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The Handmaid's Tale Moira Character Change

1080 words - 4 pages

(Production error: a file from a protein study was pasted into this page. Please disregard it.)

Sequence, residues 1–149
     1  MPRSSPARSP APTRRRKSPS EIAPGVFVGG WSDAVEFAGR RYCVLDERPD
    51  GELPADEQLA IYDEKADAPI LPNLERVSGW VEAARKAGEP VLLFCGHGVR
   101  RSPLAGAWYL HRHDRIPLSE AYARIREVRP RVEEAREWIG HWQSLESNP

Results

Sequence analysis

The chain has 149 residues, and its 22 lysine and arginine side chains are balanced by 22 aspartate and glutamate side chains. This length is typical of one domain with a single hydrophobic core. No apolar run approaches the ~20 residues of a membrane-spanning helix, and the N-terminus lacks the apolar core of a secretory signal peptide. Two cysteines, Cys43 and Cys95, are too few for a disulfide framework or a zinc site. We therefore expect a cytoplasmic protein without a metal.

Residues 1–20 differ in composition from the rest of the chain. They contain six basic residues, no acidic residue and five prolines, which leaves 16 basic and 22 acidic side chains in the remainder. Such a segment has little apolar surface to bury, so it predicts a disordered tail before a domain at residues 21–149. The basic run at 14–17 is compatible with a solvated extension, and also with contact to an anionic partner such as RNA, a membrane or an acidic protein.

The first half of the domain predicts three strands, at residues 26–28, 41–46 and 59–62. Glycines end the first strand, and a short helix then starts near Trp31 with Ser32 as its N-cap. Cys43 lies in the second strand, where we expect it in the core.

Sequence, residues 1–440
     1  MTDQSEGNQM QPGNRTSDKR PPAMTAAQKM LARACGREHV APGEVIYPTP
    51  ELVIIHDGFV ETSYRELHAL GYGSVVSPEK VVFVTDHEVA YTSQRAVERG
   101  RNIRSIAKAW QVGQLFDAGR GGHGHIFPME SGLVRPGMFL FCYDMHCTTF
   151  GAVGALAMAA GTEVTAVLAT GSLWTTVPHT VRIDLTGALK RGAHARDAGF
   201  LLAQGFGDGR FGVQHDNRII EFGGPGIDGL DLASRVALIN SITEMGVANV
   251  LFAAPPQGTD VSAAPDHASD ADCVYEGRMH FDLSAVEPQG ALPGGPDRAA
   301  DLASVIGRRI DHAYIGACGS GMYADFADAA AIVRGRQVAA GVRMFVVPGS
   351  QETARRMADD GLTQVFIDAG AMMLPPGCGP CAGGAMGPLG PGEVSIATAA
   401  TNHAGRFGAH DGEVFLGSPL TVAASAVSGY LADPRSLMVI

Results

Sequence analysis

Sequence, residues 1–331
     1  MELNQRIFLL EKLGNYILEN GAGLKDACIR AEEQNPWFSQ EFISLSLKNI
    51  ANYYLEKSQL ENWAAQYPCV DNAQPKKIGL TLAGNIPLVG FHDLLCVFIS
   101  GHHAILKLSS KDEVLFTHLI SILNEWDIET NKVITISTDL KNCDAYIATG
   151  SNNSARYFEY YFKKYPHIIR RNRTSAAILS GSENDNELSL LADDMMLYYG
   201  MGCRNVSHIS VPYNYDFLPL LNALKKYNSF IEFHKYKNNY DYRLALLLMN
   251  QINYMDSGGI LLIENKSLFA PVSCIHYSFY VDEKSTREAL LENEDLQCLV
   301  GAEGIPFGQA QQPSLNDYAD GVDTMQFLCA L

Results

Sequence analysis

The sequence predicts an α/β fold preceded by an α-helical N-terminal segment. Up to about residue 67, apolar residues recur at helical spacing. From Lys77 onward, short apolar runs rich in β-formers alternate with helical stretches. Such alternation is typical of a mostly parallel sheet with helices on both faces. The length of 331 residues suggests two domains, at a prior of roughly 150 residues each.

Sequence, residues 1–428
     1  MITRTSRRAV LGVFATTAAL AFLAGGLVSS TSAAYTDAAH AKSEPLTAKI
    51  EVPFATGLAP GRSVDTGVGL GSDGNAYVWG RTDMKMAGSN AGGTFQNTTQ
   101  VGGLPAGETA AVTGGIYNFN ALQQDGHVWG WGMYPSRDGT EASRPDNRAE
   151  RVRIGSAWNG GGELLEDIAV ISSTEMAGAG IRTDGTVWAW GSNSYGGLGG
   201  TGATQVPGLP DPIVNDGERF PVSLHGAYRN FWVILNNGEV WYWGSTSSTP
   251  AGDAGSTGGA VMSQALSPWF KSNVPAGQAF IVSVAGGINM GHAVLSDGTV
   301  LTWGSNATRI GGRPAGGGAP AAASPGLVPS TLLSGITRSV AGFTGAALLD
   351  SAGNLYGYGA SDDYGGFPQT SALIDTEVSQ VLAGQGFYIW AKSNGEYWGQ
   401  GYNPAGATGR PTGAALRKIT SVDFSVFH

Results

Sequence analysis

NO TIME FOR A GOOGLE DOC?Personality Breakdown: Moira Loses her LOSS OF Individualism in The Handmaid's TaleThe existence of Totalitarian governments is not new to modern history; thousands of people in several parts of the world have been victims of oppressiveness, brutality and maltreatment ironically coming COME from the institutions established to protect their rights and freedom: their governments. THIS IS ONLY TRUE IF THE GOVENRMENT BELIEVES IN RIGHTS/FREEDOM. MANY JUST BELIEVE IN PROTECTING THEIR OWN POWER In the book DYTOPIAN NOVEL called The Handmaids Tale, by Margaret Atwood illustrates this idea by creating a dystopian society called the Republic of Gilead, in which citizens are coerced by the government to fit roles that, especially in the case of women, completely takes away their rights and freedoms as individuals. GOOD SENTENCE A character used to portray this idea is Moira, a tenacious woman that was not afraid to stand up for her OWN RIGHTS (WHICH ONES?). As the story progresses, the reader can see that Moira's personality changes to one of a weak, miserable NOT SURE THAT IS EXACTLY HOW SHE FEELS AT END women. This novel clearly expresses the idea that a totalitarian government rips away individuality; SHOWN through Moira; using Moira's change in personality, THE NOVEL to createS a feeling of abusiveness THIS IS NOT A FEELING while intending to portray the dark side of tyrannical governments. GOOD USE OF BOWE THESISBefore the Republic of Gilead was established, Moira was know SHOWN as a strong, vehement women that enjoyed her freedom of sexuality. HOW? She was independent in all levels and was not afraid to go against the norms of society: she was able to "repair her own car" (131) and, unlike most women, she was a lesbian. Moira's personality was so rebellious in the beginning of the novel that even when she was locked in the Red Center and hopelessly forced to be a Handmaid, she didn't give up fighting for her individuality and was able to escape. GOOD BUILDING OF IDEAS! The reader can notice her rebelliousness when Offred describes her as a hero when she escaped the center: "…I expect Moira said something like that...Moira stood up straight and looked firmly ahead...Moira marched straight out the front door...and disappeared" (132). The reader can understand this NOT A CLEAR WORD (WHAT DO WE 'UNDERSTAND'?) because of the author's usage of words such as "straight", "firmly", "marched" and "front" that could have been purposefully used to indicate Moira's power and strength. EXCELLENT REQUOTING When Moira is escaping the center, she switches clothes with Aunt Lydia. Here, one can notice a symbol because her clothes HER OLD ONES? could represent oppression, since she is being forced to use them and removes them to escape. GOOD EXTENDING! Again, the reader is remained of her strong, rebellious personality. DON'T REPEAT After Moira had succeeded in escaping the Red Center, a Quaker couple refuged her. Here, the author could...

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